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News » Quite the characters

Quite the characters

Quite the characters
To avid fans, a mascot is merely an entertaining diversion during timeouts.

To pro sports franchises, a mascot is a high-profile icon that's one of the most important members of the organization.

Tonight at halftime, the Thunder will unveil its mascot, a bison. When the character's name is announced, it won't be long before it's synonymous with Oklahoma City's NBA team.

"It's an entity, a living, breathing extension of your brand," Dave Raymond said. "Your fans grow to know them like a best friend or a family member. Because of that relationship, they associate that brand with your product."

Fans best knew Raymond as the person inside the Phillie Phanatic costume for 16 years at baseball games in Philadelphia. He now runs his own mascot company and developed the Mascot Hall of Fame.

That's how far mascots have come.

Mascots have been around for decades on college campuses, but it was Raymond and Ted Giannoulas, the Famous Chicken, who turned mascots into a staple at pro sporting events.

If you include the Celtics and Warriors, who had mascots earlier this season, 81 of the 92 Major League Baseball, NFL and NBA teams have a mascot - usually funny, athletic entertainers that perform jaw-dropping stunts.

Choosing a mascot goes beyond developing a huggable character for photo ops with kids. The Phillie Phanatic generates approximately $500,000 a year in merchandising, which is about 8 percent of the Phillies in-park sales.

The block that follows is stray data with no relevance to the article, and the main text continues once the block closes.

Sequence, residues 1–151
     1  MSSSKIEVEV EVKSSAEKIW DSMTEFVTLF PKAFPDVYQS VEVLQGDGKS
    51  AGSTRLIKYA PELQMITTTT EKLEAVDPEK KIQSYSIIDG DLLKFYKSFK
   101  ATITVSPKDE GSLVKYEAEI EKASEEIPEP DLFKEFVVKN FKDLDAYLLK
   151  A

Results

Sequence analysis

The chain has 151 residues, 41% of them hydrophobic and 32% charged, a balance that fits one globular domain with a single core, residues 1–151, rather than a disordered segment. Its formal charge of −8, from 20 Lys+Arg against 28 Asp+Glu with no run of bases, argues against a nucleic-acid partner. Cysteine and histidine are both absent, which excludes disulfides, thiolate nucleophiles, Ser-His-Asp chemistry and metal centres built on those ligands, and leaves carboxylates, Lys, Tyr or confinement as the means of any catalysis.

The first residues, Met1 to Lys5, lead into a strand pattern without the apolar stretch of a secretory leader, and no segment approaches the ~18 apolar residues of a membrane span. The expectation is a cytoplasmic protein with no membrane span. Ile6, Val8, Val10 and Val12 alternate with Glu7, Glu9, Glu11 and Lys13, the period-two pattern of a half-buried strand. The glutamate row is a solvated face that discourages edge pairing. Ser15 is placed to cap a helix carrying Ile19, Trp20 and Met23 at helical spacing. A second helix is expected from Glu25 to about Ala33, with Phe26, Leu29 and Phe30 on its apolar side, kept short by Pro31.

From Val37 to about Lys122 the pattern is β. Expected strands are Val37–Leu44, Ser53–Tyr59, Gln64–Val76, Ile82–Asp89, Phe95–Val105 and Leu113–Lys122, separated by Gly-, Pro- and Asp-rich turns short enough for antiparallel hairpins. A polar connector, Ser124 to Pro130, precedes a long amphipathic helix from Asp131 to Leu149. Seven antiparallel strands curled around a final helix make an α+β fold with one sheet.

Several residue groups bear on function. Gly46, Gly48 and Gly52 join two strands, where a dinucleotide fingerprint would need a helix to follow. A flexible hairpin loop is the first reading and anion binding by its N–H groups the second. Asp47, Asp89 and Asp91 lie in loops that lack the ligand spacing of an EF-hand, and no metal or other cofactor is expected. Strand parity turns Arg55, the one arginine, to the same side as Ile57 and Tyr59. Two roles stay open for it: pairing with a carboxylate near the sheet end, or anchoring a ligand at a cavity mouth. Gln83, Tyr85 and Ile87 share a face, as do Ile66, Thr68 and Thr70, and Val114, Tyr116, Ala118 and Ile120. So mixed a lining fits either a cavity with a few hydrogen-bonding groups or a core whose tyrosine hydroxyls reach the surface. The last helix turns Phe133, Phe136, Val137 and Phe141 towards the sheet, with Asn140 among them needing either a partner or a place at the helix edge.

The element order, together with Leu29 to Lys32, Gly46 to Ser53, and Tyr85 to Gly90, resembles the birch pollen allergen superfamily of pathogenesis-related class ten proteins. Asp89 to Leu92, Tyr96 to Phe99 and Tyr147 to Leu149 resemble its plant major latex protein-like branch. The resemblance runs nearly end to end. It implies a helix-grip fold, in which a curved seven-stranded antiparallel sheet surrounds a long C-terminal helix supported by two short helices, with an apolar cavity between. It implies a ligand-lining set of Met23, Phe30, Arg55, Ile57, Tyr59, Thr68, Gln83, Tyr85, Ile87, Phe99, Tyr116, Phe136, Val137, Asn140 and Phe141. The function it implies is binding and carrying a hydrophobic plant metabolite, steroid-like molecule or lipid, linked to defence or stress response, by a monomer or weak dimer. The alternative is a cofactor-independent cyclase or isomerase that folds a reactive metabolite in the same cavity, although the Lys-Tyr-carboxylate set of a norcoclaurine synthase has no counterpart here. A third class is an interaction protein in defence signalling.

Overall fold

The Phoenix Suns' Gorilla changed the role of mascots forever, bringing an acrobatic approach to game entertainment.

Bob Woolf, a gymnastics coach living in Arizona, wore the gorilla suit in 1988. He used a trampoline to dunk, jumped through a ring of fire, rode motorcycles and once catapulted himself 25 feet for a dunk at the 1995 All-Star Game.

"Everybody is like lemmings," Raymond said. "That evolution has been a great success. The NBA is the best at valuing its characters. That's why I train people to be acrobatic performers."

Mascots also are part of the community. They attend 300 to 400 functions a year, including parties, school functions, community events and visits to children in hospitals.

"The number of children I've seen die from a terminal illness is tough," mascot Rob Wicall told the Baltimore Sun. Wicall currently wears the Spurs' Coyote costume and spent two seasons as the Wizards' G-Wiz.

"But that kind of stuff is amazing. When you make someone in that situation smile or laugh, you realize what's so cool about the job."

Giannoulas got his start as a publicity stunt for a San Diego radio station, handing out Easter eggs at the zoo in 1974. He volunteered to attend San Diego Padres games in costume. He met three U.S. Presidents and was included on Sporting News' list of 100 most powerful people in sports of the 20th century.

Nowadays, developing a mascot is more complicated than choosing a costume.

The Thunder's new mascot makes its long-awaited debut tonight, but in upcoming years it could be in the public eye as much as Kevin Durant.

"I applaud them for what they've done," Raymond said. "There's plenty of mascots but not many characters. They understand the importance of putting in the time and effort do it right. It's not just checking off a box, we have a mascot."

Author: Fox Sports
Author's Website:
Added: February 19, 2009


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